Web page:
Friday, November 22, 2013


I am so thankful that my entire family approves of our decision to homeschool our kids. I read about others who face opposition and negativity from the grandparents, siblings, even spouses. I read about divorced parents where one actually presses charges against the other over homeschooling. I read about grandparents that sue for custody over homeschooling. I read about lost relationships, broken ties and angry words among family members, just over homeschooling.

I didn't start out planning to homeschool. I sent my oldest to public kindergarten over 3 years ago, and breathed a sigh of relief! None of my family members tried to convince me to homeschool. None of them mentioned it really.

But we all apparently had thoughts about it in the back of our minds. I had considered it since my firstborn was born. It was an option. We had quite a few friends and neighbors who homeschooled. Our school district wasn't the best, and I thought maybe after a few years of public school, we'd bring them home, before they got to the dreaded middle school years with all that peer pressure. "Later" just turned out to be earlier than I had thought.

When I discussed it with my husband, he just nodded and started coming up with more and more reasons to homeschool.

When I told my parents, they smiled broadly and after a few conversations about how to do it, whether I would be ok with delaying my other career plans, and asking when they could help, we were set.

When I told the church choir about our schooling plans during prayer time, I don't know how many people said, "Good for you!" - and prayed for us.

When I told my in-laws (with a little trepidation, I have to admit), my mother-in-law smiled and admitted, "I've been praying you would decide to homeschool," despite never having mentioned it to me before.

My brother-in-law and his wife thought it was a great idea. My brother and his girlfriend thought it was great. No one spoke in condemnation of it, no one told me it was a bad idea, no one discouraged me. Sure, some probably had some doubts and concerns, and some mentioned other cases they had heard of which didn't turn out very well, but I didn't feel any strong negativity toward our decision. Maybe it helped that I have more education than most public school teachers, in a variety of fields. Maybe it helped that I was also a good student and a life-long learner.

But whatever the cause, whatever the background of all my family members that made them view homeschooling in a positive light (none of whom were ever homeschooled themselves) - I am just thankful. It makes it so much easier. And it makes it so much easier when they compliment the kids' progress every now and then, send little notes of encouragement, and tell me how glad they are we're still homeschooling. That can turn a negative, poor, sad day (when I'm considering packing them off to school somewhere) into a happy, relieved, positive day (when I remember how lucky I am to be able to homeschool).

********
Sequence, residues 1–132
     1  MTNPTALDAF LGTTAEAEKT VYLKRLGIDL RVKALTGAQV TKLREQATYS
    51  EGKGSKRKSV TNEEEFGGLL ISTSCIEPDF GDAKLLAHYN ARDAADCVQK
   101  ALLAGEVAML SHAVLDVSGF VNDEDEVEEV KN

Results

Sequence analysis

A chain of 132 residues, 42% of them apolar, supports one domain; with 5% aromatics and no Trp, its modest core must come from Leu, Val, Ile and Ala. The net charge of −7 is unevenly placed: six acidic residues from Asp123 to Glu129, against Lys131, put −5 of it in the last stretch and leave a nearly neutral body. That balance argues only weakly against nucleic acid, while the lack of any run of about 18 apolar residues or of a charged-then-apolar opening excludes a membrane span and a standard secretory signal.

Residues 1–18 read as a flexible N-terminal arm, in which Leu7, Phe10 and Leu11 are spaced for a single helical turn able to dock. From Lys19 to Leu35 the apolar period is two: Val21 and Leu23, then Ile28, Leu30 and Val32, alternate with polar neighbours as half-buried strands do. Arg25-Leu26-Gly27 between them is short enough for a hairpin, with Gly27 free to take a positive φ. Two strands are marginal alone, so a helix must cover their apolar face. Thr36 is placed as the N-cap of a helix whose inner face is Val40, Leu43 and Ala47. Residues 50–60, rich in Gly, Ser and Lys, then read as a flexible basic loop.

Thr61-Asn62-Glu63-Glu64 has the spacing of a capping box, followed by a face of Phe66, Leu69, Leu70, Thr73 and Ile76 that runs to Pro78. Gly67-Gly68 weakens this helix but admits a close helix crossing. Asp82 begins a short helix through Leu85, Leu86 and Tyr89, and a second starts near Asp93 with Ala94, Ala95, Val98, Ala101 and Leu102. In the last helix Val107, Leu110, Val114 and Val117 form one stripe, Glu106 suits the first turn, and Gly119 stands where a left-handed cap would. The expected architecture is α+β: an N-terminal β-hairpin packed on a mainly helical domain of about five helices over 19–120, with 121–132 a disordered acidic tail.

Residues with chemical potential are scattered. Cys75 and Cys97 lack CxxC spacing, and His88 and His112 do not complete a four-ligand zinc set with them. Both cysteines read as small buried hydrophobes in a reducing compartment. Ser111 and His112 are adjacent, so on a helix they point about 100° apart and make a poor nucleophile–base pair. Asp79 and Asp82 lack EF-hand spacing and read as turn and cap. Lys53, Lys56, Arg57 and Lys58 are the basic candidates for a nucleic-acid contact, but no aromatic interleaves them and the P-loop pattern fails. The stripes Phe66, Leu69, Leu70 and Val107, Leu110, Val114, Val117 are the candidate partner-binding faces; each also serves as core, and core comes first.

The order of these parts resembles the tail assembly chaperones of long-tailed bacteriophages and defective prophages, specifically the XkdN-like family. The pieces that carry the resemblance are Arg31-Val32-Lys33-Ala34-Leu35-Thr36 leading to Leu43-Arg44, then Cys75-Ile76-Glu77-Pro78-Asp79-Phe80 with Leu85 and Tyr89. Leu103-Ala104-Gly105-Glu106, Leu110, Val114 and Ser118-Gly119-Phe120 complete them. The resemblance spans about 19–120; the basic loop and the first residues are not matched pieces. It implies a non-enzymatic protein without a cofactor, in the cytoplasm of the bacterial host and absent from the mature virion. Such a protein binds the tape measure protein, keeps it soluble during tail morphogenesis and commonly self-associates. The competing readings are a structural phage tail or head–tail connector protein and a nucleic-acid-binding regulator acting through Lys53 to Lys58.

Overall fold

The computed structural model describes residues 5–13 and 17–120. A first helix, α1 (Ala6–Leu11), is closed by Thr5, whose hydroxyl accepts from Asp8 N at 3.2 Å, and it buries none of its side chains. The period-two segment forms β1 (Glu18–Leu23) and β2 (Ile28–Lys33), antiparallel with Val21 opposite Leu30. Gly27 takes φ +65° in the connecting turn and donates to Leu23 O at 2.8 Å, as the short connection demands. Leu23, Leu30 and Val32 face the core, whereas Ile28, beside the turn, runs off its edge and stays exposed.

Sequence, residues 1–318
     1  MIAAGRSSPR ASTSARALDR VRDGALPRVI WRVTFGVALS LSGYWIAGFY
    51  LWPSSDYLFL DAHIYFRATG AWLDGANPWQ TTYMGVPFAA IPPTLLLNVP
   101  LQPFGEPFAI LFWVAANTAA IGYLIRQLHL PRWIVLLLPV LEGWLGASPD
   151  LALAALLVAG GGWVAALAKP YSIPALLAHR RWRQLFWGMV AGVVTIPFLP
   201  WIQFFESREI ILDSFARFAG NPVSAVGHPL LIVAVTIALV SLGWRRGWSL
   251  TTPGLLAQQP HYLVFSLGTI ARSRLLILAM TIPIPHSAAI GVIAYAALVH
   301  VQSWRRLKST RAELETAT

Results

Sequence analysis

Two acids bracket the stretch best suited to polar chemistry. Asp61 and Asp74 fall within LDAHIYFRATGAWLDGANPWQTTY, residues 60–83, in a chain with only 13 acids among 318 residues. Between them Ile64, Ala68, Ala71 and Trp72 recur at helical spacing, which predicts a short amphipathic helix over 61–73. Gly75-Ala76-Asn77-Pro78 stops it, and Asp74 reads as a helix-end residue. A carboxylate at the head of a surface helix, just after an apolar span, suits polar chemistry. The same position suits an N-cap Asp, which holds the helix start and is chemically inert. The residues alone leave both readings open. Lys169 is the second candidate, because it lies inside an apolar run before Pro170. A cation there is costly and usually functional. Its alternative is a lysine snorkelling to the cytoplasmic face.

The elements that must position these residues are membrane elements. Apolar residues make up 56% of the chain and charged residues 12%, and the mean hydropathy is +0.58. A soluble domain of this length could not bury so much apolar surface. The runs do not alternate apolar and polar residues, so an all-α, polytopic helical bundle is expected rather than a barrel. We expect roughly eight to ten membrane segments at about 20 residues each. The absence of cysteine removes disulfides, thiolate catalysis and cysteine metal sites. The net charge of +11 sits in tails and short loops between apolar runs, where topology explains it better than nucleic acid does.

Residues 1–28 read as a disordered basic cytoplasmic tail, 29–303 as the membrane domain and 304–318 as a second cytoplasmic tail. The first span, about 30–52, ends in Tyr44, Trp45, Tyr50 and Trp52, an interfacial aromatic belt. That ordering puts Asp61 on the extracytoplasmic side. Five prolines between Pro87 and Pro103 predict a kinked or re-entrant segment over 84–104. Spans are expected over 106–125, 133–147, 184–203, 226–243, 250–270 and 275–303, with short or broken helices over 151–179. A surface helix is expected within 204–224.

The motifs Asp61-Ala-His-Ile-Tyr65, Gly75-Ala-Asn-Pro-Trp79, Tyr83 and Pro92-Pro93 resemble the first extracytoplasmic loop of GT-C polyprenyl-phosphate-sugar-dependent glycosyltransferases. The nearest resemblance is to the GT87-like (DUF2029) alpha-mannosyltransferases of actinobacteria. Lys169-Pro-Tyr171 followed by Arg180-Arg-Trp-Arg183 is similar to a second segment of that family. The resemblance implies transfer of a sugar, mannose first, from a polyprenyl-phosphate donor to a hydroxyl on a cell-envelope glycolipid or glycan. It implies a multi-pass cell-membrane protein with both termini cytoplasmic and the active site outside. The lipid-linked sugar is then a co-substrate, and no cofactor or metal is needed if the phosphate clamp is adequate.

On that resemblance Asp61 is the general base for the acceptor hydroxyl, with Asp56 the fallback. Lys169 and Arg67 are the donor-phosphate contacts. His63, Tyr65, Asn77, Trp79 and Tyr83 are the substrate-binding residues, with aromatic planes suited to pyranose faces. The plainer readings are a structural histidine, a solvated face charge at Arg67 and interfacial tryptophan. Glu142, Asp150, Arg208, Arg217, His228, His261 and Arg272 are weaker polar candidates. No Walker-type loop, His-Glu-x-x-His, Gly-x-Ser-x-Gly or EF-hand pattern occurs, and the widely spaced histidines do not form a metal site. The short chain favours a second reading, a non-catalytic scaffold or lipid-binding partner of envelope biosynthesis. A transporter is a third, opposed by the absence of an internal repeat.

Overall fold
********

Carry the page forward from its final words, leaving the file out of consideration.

I am very blessed to have such a supportive environment, among family and among friends and neighbors. I have never had anyone tell me I'm crazy or that my kids will turn out terrible. The store clerks just smile and chat - one even told my daughter that the smartest people she knows were homeschooled. One told me that she's trying to convince her grown daughter to homeschool her kids, and asked me about support groups in the area. Even the public school teacher and counselor were very encouraging when I withdrew my oldest. Maybe God knows I needed all this positivity to make the decision He wanted me to make. Whatever the reason, I am thankful.

Sunday, November 17, 2013

All About Spelling

I just looked through my earlier posts, trying to see if I had ever written about the spelling I'm doing with my oldest this year, and didn't see anything. How can that be? We are really doing good with spelling this year, for the first time.

Spelling has been my oldest's bane since 1st grade. We've used curriculum from Evan-Moor, BJU Press, CLE, Sequential Spelling, Rod & Staff - nothing really worked well. She liked the stories that went along with BJU, but she still couldn't spell and hated to write since she worried too much about spelling things wrong. She really liked Sequential Spelling, at first. But after about 20 lessons or so, she had decided it was boring, and she still couldn't spell the words we had "learned" at the beginning - the patterns didn't really click with her, and she couldn't remember them apart from the sequence in the lessons. I'd have to correct her on the first word, and then she'd get a few correct - until the pattern changed again. Now, Sequential Spelling might be a perfect fit for my middle child, with her excellent visual memory, but it wasn't for my oldest.